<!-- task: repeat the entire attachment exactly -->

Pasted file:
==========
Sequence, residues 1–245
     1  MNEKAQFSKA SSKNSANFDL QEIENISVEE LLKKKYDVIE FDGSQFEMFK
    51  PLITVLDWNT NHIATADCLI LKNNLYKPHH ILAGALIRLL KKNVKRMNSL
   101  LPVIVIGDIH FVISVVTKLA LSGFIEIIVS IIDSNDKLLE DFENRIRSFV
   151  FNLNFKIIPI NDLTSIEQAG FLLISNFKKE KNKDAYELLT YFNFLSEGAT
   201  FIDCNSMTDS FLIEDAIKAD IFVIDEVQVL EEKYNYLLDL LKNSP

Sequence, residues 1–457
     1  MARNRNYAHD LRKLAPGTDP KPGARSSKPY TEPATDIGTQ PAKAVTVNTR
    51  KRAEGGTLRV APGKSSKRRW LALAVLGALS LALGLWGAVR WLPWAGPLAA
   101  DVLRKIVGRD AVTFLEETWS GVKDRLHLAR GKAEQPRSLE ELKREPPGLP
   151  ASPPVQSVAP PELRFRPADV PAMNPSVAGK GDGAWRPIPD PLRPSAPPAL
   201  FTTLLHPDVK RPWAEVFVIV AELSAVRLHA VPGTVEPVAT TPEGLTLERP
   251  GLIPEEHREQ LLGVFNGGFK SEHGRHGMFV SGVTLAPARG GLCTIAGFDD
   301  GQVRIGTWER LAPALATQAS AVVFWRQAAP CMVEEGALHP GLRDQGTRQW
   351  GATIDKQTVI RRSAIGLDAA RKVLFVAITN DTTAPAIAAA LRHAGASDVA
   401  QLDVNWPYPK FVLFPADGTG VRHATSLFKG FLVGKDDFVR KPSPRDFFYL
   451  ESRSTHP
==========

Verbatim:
Sequence, residues 1–245
     1  MNEKAQFSKA SSKNSANFDL QEIENISVEE LLKKKYDVIE FDGSQFEMFK
    51  PLITVLDWNT NHIATADCLI LKNNLYKPHH ILAGALIRLL KKNVKRMNSL
   101  LPVIVIGDIH FVISVVTKLA LSGFIEIIVS IIDSNDKLLE DFENRIRSFV
   151  FNLNFKIIPI NDLTSIEQAG FLLISNFKKE KNKDAYELLT YFNFLSEGAT
   201  FIDCNSMTDS FLIEDAIKAD IFVIDEVQVL EEKYNYLLDL LKNSP

Sequence, residues 1–457
     1  MARNRNYAHD LRKLAPGTDP KPGARSSKPY TEPATDIGTQ PAKAVTVNTR
    51  KRAEGGTLRV APGKSSKRRW LALAVLGALS LALGLWGAVR WLPWAGPLAA
   101  DVLRKIVGRD AVTFLEETWS GVKDRLHLAR GKAEQPRSLE ELKREPPGLP
   151  ASPPVQSVAP PELRFRPADV PAMNPSVAGK GDGAWRPIPD PLRPSAPPAL
   201  FTTLLHPDVK RPWAEVFVIV AELSAVRLHA VPGTVEPVAT TPEGLTLERP
   251  GLIPEEHREQ LLGVFNGGFK SEHGRHGMFV SGVTLAPARG GLCTIAGFDD
   301  GQVRIGTWER LAPALATQAS AVVFWRQAAP CMVEEGALHP GLRDQGTRQW
   351  GATIDKQTVI RRSAIGLDAA RKVLFVAITN DTTAPAIAAA LRHAGASDVA
   401  QLDVNWPYPK FVLFPADGTG VRHATSLFKG FLVGKDDFVR KPSPRDFFYL
   451  ESRSTHP